From the site: Your recipient chooses the loans, receives repayments, and can choose to lend again and again!

 Currently, the site boasts a loan every nine seconds, and is having the really cool problem of not having enough loans for lenders as it’s getting some good press.  Check out She is Too Fond of Books, the Kool-Aid Flavor of the Week, and be sure to sign up at Kiva.org (signing up is fast and free, and the first step to giving ;-) ).

Presenting Lenore ~ The Kool-Aid Flavor of the Week

I’ve been thinking about doing an award of some kind for a while, and just not known what I wanted to do.  I’ve also been wanting to do a “featured link” post every week and share the blogs that I’ve found recently.  So I thought, why not combine the two?

And so I give you:

Kool-Aid Mom's Award

Presenting Lenore

What’s given me the push to start this now is Lenore of Presenting Lenore’s new The International Book Blogger Mentor Program 2010.  I blogged about her initial announcement last week, and am excited to add that she’s now taking application for Mentors and Authors to share books and experience, as well as for Mentees who are outside the mailing lines to which publishers are willing to send.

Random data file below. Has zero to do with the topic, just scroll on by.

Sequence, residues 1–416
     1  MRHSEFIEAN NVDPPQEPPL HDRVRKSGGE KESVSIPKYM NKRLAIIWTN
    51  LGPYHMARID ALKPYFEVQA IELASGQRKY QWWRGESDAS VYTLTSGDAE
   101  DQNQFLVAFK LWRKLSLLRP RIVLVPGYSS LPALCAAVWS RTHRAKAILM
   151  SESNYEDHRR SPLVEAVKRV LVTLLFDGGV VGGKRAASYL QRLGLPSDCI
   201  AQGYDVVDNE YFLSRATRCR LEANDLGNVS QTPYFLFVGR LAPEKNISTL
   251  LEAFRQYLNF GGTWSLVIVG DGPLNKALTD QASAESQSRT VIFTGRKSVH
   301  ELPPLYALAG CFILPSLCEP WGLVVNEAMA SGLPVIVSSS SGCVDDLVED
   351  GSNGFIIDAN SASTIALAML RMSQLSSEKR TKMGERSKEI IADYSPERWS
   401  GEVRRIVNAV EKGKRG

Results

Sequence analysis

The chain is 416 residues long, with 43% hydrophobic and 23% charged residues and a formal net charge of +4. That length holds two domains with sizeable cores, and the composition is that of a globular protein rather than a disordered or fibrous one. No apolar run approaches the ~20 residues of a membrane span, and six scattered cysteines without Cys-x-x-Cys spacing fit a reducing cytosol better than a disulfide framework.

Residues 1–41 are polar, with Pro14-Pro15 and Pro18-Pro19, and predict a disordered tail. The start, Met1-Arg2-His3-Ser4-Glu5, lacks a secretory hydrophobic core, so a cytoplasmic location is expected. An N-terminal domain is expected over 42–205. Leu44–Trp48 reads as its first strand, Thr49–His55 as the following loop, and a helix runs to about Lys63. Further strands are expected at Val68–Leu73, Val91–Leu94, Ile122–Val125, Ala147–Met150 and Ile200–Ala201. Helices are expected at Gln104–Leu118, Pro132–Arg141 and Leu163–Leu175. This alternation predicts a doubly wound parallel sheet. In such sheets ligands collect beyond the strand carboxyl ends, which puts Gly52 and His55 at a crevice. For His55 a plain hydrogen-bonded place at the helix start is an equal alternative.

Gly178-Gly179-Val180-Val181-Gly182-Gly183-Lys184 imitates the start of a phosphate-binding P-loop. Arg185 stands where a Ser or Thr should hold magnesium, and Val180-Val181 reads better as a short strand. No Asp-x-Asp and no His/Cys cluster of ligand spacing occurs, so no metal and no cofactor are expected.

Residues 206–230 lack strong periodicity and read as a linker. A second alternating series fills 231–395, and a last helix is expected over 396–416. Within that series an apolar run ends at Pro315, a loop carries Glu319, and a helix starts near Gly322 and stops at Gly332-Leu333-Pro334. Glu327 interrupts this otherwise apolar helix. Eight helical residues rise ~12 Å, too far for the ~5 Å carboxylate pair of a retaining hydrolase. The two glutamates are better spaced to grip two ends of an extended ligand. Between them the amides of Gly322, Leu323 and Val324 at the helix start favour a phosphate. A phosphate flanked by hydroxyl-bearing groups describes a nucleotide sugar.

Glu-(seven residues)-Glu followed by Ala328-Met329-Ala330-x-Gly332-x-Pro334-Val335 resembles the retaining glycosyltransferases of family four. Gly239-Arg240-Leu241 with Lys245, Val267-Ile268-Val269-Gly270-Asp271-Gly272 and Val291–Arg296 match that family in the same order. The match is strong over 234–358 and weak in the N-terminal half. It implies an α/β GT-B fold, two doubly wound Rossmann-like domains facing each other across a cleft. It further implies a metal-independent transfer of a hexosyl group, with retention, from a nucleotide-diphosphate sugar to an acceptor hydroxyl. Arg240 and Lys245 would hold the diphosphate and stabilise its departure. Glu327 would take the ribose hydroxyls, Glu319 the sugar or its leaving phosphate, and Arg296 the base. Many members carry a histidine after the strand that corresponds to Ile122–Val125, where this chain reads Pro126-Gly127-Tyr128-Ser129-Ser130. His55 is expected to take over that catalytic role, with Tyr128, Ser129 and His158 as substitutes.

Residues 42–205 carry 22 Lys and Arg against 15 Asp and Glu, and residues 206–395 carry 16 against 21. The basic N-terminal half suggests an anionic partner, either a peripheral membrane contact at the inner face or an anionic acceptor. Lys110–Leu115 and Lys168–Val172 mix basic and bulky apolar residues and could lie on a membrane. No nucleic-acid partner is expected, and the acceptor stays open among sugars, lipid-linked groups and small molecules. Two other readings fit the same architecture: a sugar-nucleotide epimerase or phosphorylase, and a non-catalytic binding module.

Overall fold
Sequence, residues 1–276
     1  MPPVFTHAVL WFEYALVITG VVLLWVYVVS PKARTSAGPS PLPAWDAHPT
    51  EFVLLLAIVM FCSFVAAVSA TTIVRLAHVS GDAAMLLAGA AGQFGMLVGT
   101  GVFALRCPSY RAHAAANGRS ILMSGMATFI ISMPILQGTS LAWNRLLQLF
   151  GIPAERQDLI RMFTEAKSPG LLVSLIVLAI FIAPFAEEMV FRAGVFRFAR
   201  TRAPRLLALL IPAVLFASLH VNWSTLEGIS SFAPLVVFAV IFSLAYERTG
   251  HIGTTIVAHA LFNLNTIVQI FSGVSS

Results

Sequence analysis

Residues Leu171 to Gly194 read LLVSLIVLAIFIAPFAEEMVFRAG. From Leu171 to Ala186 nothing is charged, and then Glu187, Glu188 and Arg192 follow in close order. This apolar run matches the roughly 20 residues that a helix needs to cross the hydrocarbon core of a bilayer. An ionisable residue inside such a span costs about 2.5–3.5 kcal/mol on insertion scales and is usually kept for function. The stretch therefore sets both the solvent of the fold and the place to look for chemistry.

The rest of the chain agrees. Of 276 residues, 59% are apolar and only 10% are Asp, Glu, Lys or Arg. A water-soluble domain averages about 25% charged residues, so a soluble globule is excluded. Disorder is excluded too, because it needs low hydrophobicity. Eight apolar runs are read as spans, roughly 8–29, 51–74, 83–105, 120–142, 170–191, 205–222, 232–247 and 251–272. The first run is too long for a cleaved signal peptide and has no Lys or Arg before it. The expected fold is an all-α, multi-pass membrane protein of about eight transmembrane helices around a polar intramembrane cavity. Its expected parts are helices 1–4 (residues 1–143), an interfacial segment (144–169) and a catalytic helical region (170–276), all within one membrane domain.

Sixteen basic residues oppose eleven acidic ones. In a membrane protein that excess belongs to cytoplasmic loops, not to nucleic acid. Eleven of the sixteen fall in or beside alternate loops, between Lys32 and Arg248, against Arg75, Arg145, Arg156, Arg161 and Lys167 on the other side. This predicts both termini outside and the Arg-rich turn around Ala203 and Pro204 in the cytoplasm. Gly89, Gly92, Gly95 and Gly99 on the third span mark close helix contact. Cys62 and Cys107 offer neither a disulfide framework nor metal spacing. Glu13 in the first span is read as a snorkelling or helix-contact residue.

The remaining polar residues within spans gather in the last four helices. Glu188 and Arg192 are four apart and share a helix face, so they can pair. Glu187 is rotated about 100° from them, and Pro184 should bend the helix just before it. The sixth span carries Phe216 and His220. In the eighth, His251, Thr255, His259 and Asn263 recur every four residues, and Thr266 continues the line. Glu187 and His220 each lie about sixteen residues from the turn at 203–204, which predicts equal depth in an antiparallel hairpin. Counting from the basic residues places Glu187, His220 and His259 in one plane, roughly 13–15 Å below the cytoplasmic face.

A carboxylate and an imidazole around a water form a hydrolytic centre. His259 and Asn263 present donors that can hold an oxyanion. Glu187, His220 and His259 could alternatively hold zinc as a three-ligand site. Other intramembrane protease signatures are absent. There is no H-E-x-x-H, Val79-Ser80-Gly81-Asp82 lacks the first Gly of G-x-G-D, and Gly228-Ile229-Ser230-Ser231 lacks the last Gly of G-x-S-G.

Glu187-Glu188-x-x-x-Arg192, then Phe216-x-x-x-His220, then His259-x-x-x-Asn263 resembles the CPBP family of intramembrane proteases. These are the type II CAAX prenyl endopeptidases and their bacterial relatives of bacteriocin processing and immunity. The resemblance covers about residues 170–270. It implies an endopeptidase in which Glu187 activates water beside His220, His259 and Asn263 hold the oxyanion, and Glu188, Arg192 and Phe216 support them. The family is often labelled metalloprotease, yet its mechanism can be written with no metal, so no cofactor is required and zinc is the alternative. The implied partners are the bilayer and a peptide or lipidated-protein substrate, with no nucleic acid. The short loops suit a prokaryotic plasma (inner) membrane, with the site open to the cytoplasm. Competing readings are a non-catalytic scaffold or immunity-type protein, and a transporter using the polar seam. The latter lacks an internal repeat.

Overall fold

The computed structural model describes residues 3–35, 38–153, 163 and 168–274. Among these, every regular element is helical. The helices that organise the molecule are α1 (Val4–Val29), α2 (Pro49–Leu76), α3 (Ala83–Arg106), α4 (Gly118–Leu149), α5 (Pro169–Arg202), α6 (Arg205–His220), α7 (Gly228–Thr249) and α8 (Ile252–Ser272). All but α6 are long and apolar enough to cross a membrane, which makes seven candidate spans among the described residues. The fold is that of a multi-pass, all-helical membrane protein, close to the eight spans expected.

To be a mentor:

You must have an active blog that has existed as a book blog for a minimum of one year. You agree to send 2-3 books that were published with a traditional publisher in 2009 or 2010 to an overseas address (if you yourself are located overseas, you may elect to be matched up with someone from your own country, if available). Additionally you agree to look over the recipients reviews of the books and give them advice.

I can tell you that oversees postage is a little more than to send a card to your momma, but, for the most part, it’s not a bank-breaking expense.  About six or so months ago, I changed my Bookmooch preference to “will send everywhere” and was a little nervous at first, but what I’ve learned is that generally, the postage is about twice that the average domestic rate of $2.80 per book by media mail.  This means it usually costs between $5-$8 for one book and would be around $20 for a one-time shipment of 3 books that I’ve enjoyed to someone who might never be able to get their hands on a copy.  It’s an amazing chance to do something good and to make our great, big world a smaller, friendlier neighborhood.  I can’t wait to see who I’m matched with!